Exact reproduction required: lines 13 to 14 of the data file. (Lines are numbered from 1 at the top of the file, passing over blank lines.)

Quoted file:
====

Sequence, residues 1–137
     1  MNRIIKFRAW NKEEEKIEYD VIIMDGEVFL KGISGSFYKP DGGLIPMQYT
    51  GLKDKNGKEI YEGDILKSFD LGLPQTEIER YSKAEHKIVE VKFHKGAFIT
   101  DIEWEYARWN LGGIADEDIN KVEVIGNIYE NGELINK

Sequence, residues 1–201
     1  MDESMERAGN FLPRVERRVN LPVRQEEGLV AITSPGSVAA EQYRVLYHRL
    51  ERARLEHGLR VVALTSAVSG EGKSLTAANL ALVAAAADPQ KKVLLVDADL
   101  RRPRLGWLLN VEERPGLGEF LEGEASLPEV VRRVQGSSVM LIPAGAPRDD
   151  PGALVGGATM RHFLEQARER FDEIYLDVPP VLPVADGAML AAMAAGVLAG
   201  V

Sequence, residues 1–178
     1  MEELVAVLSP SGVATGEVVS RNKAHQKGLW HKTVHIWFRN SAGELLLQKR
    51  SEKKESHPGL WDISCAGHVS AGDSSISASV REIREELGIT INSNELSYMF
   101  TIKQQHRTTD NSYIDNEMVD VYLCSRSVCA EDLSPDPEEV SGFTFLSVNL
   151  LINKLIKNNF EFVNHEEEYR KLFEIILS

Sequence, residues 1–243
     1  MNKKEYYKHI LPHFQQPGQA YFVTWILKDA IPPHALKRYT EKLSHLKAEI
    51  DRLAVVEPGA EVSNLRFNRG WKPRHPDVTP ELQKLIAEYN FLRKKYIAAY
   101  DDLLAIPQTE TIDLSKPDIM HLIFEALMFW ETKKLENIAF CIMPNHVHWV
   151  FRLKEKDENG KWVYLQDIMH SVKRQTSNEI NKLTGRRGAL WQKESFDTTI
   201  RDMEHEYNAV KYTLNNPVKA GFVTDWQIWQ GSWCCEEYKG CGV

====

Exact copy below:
    51  SEKKESHPGL WDISCAGHVS AGDSSISASV REIREELGIT INSNELSYMF
   101  TIKQQHRTTD NSYIDNEMVD VYLCSRSVCA EDLSPDPEEV SGFTFLSVNL